Like the Enlightenment period creating a culture of looking deeply into long-held beliefs and what heroes like Augustine, Luther, Wesley, and that others promulgated, it appears that pastorate being remodeled. My concern is that the ancient boundaries of this call should not be moved.
Having my own pseudo enlightenment period, I am persuaded to consider remodeling the archetype of the pastorate without pushing ancient boundaries. My research focus started with the inspiration for learning how to support the covocational pastor. Like the beginning of what we call Evangelicalism, my interviews are refining my attention to see that my research must include the covocationally led congregation. Unlike the individualistic salvific approach like I caught from the text and only finding research on the covocational (bi-vocational) pastor, I am compelled to revision my research towards the covocationally led community of faith from a leadership team perspective.
God has established boundary stones in his Word, beginning with primeval and patriarchal relationships. Our spiritual ancestors, through the history of the Church, have set a pattern for living by these ancient landmarks. The ancient boundaries most likely related to land and property. And, yet, it seems probable to me that we could transfer these fundamentals to doctrines, our Biblical pattern for living, or deeply held spiritual convictions, and for the course of research: pastoral remodeling applications of what Scripture holds for the pastor.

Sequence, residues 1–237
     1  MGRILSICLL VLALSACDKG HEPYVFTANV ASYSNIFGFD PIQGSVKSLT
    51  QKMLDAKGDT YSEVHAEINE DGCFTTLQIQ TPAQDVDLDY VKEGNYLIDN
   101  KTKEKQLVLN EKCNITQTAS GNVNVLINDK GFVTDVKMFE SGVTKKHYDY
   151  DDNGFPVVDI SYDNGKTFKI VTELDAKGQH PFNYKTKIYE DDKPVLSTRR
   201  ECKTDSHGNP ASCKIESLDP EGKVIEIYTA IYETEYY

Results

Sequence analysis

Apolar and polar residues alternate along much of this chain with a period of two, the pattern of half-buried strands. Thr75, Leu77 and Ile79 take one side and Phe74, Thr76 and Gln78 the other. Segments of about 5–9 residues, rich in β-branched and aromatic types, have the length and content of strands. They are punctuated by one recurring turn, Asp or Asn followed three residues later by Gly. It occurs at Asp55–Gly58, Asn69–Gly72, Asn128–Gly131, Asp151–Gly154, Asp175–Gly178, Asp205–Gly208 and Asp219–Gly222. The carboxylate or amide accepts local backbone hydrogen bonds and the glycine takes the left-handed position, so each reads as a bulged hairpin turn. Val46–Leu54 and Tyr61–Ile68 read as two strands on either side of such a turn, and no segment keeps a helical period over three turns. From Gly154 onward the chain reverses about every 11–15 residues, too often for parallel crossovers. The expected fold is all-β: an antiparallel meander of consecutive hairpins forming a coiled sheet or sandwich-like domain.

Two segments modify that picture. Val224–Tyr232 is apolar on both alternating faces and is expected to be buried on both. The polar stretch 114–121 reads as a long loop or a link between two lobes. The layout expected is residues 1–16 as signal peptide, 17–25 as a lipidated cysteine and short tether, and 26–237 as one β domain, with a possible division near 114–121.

Dr. Ken Baker, May 31, 2010, https://tithebarn.wordpress.com/2010/05/31/dont-move-boundary-stones/, accessed December 30, 2019.
 D.W., Bebbington, Evangelicalism in Modern Britain: A History from the 1730s to the 1980s, New ed, (Routledge, 2005), Adobe Digital Editions, 96.
 Ibid., 8-9.
 Ibid., 16.
 Ibid., 108.
 Ibid., 50.
 Luke 2:11, Hebrews 12:14.
 1st Timothy 3:1-7, 1st Peter 5:1,